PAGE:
The Federal Aviation Administration (FAA) has teamed up with military contractor CACI International to develop and test new technology to track and discourage commercial and personal drone operators from flying into restricted and sensitive airspace such as airports.
FAA deputy administrator Michael Whitaker says it is imperative something is done to control drone flights near airports to prevent “a potentially catastrophic collision between a drone and an airliner”.
He says the FAA is concerned about the the increasing number of drone sightings by commercial pilots. He says his agency receives about 100 reports a month of drone sightings near airplanes and airports.
Aviation experts say the CACI partnership with the FAA is the latest in a series of attempts to keep drones from accessing restricted airspace. Some Congressmen are pushing the FAA to to create mandatory geofences that would prevent drones from being flown where they shouldn’t.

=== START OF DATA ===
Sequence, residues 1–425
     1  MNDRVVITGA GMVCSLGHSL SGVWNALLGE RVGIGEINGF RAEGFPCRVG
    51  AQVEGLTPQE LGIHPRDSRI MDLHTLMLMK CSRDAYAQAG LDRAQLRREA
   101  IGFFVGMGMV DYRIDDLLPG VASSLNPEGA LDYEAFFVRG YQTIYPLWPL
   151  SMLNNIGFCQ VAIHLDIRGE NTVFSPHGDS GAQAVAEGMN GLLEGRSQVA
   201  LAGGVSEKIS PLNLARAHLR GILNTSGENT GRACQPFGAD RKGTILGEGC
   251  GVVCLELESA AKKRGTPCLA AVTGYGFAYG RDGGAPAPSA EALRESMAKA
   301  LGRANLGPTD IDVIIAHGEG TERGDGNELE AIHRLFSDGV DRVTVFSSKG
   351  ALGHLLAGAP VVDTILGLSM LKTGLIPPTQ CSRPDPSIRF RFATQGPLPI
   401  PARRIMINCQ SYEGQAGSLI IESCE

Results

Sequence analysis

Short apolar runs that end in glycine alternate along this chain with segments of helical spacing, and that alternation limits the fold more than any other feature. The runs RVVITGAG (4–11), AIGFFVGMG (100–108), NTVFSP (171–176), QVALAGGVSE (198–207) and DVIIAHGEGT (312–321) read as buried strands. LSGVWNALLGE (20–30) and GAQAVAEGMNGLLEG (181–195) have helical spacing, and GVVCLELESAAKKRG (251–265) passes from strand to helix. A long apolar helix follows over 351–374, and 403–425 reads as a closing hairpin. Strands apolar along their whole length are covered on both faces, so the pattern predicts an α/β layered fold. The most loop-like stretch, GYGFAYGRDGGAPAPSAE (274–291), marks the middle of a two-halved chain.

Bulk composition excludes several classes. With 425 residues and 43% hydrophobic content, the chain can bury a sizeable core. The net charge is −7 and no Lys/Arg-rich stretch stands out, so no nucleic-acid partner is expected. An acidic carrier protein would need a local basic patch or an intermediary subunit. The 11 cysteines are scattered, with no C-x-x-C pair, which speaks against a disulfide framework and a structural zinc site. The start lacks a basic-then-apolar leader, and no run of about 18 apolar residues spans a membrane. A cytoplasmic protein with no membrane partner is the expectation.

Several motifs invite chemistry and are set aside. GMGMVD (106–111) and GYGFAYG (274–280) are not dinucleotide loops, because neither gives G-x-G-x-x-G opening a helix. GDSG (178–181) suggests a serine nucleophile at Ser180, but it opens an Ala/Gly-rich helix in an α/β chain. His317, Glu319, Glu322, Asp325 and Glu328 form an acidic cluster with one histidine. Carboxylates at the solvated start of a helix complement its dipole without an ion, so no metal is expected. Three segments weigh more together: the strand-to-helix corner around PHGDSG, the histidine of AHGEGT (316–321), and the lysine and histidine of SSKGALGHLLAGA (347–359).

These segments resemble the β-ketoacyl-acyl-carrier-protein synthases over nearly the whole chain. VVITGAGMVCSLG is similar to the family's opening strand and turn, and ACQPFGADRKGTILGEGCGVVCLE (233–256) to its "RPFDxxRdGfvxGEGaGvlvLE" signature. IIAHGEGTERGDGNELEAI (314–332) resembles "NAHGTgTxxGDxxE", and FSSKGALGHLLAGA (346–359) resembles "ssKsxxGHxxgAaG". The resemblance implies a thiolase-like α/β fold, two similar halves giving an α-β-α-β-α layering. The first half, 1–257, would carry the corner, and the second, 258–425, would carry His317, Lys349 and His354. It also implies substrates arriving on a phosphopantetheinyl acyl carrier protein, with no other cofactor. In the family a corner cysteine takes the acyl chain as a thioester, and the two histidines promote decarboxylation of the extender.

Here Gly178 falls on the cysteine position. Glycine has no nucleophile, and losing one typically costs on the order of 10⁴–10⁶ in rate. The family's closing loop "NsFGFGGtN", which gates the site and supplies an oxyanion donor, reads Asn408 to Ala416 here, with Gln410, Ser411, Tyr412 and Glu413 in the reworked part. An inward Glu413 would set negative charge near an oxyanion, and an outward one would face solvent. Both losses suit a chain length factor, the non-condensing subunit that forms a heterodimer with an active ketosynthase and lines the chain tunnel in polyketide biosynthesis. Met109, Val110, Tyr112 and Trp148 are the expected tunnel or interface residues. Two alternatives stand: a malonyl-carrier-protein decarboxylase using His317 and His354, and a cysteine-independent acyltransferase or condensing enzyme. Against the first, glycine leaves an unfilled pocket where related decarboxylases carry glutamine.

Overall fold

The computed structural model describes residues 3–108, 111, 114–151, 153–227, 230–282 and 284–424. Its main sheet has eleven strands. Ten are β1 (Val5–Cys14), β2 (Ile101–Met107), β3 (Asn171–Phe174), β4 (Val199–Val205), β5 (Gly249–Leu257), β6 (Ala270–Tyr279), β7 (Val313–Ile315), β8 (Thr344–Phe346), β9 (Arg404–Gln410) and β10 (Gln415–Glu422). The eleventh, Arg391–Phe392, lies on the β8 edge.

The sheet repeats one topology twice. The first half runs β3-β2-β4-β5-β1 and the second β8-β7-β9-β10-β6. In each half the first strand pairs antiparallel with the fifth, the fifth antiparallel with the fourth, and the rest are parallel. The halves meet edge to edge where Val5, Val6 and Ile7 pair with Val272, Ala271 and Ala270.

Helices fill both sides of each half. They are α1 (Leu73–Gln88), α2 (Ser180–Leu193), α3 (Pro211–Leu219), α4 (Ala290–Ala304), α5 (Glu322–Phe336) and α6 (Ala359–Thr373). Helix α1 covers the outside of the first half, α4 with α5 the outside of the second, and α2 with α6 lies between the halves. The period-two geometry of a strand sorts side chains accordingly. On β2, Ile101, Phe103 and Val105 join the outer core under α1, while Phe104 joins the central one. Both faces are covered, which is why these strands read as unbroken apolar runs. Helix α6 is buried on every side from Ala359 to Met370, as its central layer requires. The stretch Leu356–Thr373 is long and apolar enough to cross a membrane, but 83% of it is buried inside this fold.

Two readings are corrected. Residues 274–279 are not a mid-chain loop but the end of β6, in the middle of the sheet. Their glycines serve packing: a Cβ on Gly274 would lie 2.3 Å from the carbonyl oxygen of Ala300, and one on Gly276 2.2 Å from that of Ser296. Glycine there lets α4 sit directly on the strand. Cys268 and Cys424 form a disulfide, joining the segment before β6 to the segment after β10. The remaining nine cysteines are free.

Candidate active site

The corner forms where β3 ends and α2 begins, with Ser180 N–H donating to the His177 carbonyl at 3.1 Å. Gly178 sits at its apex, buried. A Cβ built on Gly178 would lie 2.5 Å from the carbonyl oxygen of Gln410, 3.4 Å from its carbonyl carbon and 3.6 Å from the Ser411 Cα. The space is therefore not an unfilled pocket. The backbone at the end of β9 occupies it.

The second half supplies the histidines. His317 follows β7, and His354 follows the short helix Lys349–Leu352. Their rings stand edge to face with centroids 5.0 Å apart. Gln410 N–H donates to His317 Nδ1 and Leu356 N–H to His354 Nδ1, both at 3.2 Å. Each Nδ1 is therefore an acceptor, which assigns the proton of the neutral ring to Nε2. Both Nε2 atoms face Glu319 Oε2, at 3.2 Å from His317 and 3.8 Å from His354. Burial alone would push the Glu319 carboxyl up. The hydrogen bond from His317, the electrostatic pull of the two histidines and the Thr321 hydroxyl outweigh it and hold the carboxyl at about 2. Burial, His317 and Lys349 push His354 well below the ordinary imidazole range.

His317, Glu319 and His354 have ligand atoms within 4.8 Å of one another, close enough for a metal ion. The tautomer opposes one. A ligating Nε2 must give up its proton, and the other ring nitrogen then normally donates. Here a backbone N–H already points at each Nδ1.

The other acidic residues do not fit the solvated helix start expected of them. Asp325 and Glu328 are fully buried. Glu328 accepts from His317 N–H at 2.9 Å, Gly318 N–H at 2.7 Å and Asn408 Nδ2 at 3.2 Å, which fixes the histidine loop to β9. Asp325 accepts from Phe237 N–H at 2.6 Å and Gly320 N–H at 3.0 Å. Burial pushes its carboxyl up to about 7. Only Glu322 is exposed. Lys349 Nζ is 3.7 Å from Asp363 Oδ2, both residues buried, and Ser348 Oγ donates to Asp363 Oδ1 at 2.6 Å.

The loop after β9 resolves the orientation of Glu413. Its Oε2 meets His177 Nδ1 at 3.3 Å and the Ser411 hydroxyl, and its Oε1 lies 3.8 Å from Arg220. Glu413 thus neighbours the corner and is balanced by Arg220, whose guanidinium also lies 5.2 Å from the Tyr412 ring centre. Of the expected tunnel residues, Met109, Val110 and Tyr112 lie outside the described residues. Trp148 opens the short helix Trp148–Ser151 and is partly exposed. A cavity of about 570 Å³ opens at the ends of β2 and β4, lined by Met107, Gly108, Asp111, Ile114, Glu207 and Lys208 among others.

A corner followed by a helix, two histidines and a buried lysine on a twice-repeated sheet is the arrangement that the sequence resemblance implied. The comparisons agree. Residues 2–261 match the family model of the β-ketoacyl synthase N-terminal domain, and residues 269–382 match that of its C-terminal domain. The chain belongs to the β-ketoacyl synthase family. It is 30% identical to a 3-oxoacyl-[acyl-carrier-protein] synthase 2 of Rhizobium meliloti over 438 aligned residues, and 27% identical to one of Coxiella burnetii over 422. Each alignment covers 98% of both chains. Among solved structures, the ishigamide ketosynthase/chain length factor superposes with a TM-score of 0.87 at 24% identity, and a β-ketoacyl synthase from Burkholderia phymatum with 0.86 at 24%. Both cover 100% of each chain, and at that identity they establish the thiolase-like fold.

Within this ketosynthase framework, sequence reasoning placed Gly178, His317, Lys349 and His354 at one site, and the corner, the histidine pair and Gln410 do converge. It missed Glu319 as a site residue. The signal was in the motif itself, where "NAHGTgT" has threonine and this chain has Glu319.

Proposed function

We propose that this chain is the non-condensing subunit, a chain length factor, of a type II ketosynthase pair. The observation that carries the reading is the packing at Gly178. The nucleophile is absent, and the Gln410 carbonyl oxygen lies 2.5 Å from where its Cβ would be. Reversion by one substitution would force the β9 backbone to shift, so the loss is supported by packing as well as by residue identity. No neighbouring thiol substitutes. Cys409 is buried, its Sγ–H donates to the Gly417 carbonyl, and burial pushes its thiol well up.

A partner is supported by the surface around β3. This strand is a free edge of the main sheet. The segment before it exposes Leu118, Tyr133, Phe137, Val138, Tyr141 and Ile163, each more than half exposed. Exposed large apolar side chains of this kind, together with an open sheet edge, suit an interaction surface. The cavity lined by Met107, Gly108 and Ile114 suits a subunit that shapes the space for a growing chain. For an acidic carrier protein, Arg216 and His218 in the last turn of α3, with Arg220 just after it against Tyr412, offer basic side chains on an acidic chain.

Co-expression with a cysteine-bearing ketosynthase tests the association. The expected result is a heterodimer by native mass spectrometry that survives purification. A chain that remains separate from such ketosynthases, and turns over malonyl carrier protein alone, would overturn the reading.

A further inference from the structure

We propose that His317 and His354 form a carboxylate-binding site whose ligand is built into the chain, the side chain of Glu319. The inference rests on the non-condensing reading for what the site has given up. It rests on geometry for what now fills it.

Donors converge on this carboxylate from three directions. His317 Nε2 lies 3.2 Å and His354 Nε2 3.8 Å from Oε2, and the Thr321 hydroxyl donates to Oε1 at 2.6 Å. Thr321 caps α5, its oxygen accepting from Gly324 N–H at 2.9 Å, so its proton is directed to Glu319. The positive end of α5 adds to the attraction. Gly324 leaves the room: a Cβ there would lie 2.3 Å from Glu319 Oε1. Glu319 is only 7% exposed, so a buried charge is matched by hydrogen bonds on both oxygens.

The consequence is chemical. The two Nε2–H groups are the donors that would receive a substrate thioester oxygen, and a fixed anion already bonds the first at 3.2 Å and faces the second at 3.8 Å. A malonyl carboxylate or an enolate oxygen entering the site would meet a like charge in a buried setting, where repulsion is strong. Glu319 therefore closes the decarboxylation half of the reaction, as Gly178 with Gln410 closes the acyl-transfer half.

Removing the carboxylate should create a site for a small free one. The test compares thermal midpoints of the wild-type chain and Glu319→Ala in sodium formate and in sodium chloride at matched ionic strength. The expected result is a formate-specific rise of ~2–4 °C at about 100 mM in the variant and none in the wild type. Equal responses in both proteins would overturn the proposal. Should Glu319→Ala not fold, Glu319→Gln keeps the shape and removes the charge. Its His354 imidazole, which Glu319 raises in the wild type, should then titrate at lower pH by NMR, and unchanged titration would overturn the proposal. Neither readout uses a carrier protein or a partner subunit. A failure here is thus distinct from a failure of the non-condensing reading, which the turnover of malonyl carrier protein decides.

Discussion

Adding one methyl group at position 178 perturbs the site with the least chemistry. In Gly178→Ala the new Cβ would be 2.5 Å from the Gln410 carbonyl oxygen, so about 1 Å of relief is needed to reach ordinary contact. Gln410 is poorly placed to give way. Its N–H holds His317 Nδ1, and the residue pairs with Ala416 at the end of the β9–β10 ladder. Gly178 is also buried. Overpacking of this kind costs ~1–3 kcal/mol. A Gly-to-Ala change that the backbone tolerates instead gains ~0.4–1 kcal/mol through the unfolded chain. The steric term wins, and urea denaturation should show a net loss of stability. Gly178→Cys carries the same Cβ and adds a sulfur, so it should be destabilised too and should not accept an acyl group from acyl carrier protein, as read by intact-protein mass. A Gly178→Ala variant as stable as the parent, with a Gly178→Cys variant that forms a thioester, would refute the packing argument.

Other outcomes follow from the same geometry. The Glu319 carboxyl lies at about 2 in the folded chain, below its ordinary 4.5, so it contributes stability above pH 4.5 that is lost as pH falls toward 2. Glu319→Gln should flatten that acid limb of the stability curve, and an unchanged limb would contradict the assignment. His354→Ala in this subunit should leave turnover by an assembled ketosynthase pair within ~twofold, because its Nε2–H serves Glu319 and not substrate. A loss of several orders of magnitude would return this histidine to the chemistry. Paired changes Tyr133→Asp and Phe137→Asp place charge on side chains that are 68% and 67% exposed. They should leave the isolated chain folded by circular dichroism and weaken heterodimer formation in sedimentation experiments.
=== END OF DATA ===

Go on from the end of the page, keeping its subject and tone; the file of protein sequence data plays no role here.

Sen. Chuck Schumer will be introducing legislation to set up virtual fences around sensitive areas where drones would be kept them from entering the “fenced-off” areas by built in software. The experts say although it’s a step in the right direction, Schumer’s plan is not foolproof. The geofencing software in drones can be easily disabled and modified by a savvy user.
The technology being tested in the CACI/FAA partnership goes further than geofencing.
CACI’s president of U.S. Operations says the technology can “passively detect, identify, and track UAS or aerial drones and their ground-based operators.”
Whitaker says the technology will be able to locate operators who are flying drones.
According to Congressman Peter DeFazio, the technology has “been used in military applications. As they explained it to me, they can pinpoint the operator — that’s good. They can do numerous things: They can force the drone to land, they can force it to go back to the operator, or, in the case of hostiles, they deliver something to the operator.”
“You wouldn’t want to necessarily disable them and have them drop out of the sky, but they can also direct them to another place, and if we had designated safe sites around airports or critical airspace and we used this technology, we could direct the drones there and say, ‘Oh, come get your drone, we’ll be waiting,’” says DeFazio.
The FAA has already put a less intrusive strategy into place – an education campaign called “Know Before You Fly” and “No-Drone Zones”, aimed at hobbyists and commercial drone operators.